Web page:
Breakout sessions help educators "innovate to great" at Quincy Conference

Kim Bearden, a keynote speaker at Quincy Conference, speaks to a crowd at Quincy High School's gym on Friday, Oct. 11, 2019. Bearden, a teacher and cofounder of the Ron Clark Academy, talks about her learning experiences during her time as teacher in Georgia. | H-W Photo/Katelyn Metzger
Katelyn Metzger 1|
By Herald-Whig
Posted: Oct. 12, 2019 12:01 am

QUINCY -- Jake Miller set out to change mindsets about technology.

Miller, host of the Educational Duct Tape podcast, uses it to make ed tech tools as simple to reach for as duct tape to fix a problem.

"Go into your classroom thinking what am I trying to achieve for my students today, to make my teaching life easier and more efficient to benefit my kids," Miller said. "Then select a tool to address that problem, run with it and make improvements for kids."

Miller's breakout session drew a standing-room-only crowd Friday at Quincy Conference, where some 2,100 area educators were looking to "innovate to great" for their classrooms.

"It's great conversations with people doing exactly what you're doing, brainstorming new ideas and problem-solving," Liberty Elementary School Principal Jody Obert said.

"I hope to gain a lot more insight into things like classroom management and utilizing technology in the classroom to give my students and myself a better foundation going forward," second year Southeastern High School business and social studies teacher William Schaffer said.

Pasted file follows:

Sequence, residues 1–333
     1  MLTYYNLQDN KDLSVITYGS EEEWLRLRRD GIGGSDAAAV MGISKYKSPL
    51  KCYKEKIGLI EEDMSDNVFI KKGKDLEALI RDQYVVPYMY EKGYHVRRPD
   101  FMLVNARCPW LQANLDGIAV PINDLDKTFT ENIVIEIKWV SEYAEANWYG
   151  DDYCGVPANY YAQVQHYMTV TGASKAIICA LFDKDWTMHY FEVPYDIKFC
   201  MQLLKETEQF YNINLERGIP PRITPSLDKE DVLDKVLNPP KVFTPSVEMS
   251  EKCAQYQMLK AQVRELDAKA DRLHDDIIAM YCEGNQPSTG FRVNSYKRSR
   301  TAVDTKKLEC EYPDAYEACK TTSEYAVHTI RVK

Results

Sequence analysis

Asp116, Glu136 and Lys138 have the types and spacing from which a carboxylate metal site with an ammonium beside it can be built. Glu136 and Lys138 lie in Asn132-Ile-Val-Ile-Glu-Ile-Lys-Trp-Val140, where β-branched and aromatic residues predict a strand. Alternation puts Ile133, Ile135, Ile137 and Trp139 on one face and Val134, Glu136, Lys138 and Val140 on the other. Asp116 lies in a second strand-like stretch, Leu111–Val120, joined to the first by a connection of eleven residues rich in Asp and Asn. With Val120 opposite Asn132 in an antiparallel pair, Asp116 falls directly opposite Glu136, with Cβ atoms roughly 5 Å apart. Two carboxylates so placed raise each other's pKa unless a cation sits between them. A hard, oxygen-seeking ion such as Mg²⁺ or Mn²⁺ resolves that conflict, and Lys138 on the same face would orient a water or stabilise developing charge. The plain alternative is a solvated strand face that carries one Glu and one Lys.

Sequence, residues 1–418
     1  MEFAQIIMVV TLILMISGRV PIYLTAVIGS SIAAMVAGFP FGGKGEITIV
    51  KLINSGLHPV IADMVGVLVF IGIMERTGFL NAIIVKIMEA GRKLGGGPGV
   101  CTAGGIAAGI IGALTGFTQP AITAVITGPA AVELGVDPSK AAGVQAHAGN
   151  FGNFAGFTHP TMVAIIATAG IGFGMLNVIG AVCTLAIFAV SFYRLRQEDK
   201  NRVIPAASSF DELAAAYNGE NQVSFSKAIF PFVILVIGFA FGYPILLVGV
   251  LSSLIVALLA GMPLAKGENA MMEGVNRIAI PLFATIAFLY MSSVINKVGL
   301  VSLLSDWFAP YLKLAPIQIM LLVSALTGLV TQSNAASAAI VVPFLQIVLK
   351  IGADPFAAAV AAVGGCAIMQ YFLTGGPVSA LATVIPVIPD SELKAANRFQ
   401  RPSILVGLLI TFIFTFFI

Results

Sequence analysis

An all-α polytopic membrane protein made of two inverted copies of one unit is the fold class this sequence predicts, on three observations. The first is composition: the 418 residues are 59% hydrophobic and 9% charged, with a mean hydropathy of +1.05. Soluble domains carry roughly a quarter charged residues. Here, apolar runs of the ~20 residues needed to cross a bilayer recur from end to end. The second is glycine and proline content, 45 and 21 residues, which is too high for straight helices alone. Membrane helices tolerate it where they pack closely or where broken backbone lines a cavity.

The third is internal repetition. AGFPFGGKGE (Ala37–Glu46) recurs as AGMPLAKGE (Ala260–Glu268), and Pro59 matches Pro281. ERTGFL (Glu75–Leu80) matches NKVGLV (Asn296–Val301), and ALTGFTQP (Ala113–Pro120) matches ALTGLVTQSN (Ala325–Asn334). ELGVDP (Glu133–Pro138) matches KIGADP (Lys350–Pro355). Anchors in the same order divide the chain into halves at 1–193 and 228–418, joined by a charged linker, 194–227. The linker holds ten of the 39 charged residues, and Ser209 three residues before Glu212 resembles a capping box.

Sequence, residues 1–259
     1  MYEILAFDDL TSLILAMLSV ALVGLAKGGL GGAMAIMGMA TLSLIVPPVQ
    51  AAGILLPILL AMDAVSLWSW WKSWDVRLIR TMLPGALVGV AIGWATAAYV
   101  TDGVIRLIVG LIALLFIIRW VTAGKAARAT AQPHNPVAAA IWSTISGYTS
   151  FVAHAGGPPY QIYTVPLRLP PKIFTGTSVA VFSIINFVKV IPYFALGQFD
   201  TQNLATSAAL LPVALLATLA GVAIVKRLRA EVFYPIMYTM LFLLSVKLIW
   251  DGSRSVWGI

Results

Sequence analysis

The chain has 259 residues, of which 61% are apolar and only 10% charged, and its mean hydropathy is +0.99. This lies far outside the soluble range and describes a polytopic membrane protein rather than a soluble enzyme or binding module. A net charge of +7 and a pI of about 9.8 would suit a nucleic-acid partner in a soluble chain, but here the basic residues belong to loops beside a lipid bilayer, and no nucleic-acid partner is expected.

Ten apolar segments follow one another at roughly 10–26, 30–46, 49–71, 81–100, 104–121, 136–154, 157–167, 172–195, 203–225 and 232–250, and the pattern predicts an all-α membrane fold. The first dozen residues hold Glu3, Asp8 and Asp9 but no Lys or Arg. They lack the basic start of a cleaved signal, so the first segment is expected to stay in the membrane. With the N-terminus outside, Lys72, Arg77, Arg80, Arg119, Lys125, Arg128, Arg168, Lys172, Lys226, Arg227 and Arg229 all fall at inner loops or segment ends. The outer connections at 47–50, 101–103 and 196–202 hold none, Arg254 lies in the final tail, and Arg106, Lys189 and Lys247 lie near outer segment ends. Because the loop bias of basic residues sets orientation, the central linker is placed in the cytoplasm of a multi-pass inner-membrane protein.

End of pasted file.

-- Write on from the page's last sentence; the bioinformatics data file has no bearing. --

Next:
"I love learning. That's why I love teaching. I'm just perpetually curious, and I love learning from other teachers," said Chaddock teacher Michelle Bickhaus, who offered a breakout session on overcoming adverse childhood experiences through literature.

Anna Hechler offered a look at what goes on in the Western School District and its Innovation Lab while learning from other districts.

"As educators, we don't get to go to different schools and see what they're doing," said Hechler, Western's instructional tech coach. "With the presentations, we're able to get a glimpse of what other schools are doing and bring it back to our school."

Hechler described the lab and how classes utilize it while giving participants some hands-on experience with the technology "to see what it's all about and see if they want to bring it back to their district," Hechler said.

And while the presentations are important, the conversations also make a difference.

"It's nice because you have people with different levels of experience you can rely on, network with, connect with mentors in the field to help you as a resource," Schaffer said.

"It's not just about what you're sitting and getting but about the relationships we have as educators and reconnecting with them. I see so many smiles, so many people reconnecting, so many people getting together with old colleagues," said Shelley Arns, one of the four conference co-directors.

"I hope they walk away with something that will make a difference in how they approach the classroom, how they build relationships with their students, their colleagues and hopefully renew everything that is special to them in being an educator."